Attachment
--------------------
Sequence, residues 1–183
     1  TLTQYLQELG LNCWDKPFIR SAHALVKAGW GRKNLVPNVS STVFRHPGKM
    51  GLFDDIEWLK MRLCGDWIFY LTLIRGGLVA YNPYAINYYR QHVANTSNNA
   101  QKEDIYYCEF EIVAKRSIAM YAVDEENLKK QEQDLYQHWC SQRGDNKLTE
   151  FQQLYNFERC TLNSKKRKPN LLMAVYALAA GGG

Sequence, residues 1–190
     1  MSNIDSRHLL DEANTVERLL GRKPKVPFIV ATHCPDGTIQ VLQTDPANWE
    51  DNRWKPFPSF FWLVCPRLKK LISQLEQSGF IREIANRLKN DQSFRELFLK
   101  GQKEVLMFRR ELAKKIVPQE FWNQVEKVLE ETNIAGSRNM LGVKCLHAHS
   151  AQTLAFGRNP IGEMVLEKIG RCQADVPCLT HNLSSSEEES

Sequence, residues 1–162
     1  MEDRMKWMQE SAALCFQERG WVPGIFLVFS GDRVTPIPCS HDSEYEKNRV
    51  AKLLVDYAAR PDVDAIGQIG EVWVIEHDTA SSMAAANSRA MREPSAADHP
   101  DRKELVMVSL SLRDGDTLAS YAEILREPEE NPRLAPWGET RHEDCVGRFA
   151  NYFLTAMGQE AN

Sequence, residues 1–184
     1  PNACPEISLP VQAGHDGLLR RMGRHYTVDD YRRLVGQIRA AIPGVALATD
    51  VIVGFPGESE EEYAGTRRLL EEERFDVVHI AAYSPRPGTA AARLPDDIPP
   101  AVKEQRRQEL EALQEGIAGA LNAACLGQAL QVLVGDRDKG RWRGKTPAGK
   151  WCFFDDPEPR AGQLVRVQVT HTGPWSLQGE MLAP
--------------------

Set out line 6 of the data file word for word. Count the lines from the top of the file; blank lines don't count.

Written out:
Sequence, residues 1–190